The City also attempted to get the State to participate as a partner in resolving its housing crisis by allowing for development of the State-owned Coal Canyon property, which could have accommodated approximately 900 housing units. However, the State refused to allow this property to be included in the Housing Element.
With only 755 out of 2,415 units accounted for, the City released a survey to the public with an interactive map seeking public recommendations for potential housing sites. Concurrently, the City conducted its own analysis to analyze all properties greater than 1 acre in size that could potentially accommodate additional housing. We then used HCD’s guidelines and criteria for determining eligible sites to remove sites that would not meet State law requirements. This resulted in a list of properties that were eligible potential candidate sites.
City staff reached out to the property owners to determine which property owners would be interested or supportive of having their properties considered for rezone purposes. As the candidate sites list was refined with guidance from the Planning Commission and City Council through various public workshops, City staff recommended various levels of density to each site based on the context of its surrounding geographic conditions. Ultimately, this was further narrowed down to the final list that was approved by HCD.
6. The State of California owns a large parcel at the far east side of the City. Why isn’t this property included in the Housing Element?
There is an approximately 30-acre parcel located at the east side of the City referred to as Coal Canyon. This property was zoned as a Planned Development and was originally anticipated for commercial development. This property is owned by the State of California and could be rezoned to allow for higher density housing. However, when the City reached out to the State Department of General Services about its willingness to participate as a partner in the Housing Element, the State told the City that this property is not eligible for affordable housing in that it is restricted in its use as a wildlife corridor. City staff appealed this decision to HCD, who also stated that this property is not eligible for housing purposes.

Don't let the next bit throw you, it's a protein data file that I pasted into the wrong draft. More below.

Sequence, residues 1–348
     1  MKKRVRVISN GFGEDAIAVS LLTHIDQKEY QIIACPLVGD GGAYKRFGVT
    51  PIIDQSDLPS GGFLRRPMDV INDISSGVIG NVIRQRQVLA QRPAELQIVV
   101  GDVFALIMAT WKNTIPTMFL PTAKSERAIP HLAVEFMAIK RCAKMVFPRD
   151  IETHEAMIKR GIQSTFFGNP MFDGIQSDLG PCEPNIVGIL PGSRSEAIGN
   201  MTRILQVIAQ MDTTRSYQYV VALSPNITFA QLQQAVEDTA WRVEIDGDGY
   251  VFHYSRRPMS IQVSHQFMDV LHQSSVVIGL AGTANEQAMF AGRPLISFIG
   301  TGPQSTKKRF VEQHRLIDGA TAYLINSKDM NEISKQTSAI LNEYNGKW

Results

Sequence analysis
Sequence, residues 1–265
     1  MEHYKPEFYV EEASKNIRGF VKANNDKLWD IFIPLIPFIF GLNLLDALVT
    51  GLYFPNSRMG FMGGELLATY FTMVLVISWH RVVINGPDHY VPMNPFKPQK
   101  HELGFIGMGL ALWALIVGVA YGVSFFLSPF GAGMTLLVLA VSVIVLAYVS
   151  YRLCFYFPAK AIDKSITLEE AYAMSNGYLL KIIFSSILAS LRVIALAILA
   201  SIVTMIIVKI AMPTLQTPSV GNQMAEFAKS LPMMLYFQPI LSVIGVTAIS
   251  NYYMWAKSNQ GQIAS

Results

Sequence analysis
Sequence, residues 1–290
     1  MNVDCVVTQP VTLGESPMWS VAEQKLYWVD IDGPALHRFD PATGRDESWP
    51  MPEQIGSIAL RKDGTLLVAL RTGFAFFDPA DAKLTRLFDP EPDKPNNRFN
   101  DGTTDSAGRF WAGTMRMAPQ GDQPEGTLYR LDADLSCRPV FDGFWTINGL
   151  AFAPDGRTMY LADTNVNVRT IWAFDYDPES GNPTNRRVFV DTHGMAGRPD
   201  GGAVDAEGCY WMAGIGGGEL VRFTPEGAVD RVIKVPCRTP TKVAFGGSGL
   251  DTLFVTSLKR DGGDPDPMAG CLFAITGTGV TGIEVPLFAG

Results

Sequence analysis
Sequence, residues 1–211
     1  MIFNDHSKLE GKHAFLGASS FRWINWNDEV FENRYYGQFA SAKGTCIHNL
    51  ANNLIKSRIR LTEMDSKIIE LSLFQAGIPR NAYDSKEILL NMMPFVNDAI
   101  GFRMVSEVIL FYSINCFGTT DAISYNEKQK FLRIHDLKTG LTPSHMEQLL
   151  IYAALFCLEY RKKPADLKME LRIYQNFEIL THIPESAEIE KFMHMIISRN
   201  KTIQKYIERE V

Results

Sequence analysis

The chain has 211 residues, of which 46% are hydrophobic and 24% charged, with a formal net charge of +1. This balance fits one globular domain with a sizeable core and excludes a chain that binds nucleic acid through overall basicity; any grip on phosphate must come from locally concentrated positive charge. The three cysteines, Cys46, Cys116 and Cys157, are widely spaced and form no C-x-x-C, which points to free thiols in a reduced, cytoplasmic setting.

7. How much can Accessory Dwelling Units (ADUs) contribute to satisfying Yorba Linda’s required RHNA capacity?
Recent State housing laws passed in 2019 required that jurisdictions allow by right on every residential property at least one Accessory Dwelling Unit (ADU) and one Junior Accessory Dwelling Unit (JADU). With over 20,000 residential dwelling units in the City, one would assume that the RHNA could easily be met simply by utilizing ADUs. In June 2020, HCD established guidelines to regulate how many ADUs it would allow a jurisdiction to count towards meeting its RHNA. The general rule is that a jurisdiction can use its ADU trends from 2018-2020 or five times the ADU construction trends prior to 2018.
It is important to note that both of these methods were based on construction trends either during the COVID-19 pandemic or prior to the changes in ADU laws. Therefore, the City conducted its own ADU trend analysis and determined that over the course of the eight-year housing cycle, the City would likely see approximately 1,100 ADUs constructed. HCD initially agreed that this was a reasonable request and the City sought to find housing sites to accommodate the remaining 1,300 housing units in the City’s RHNA.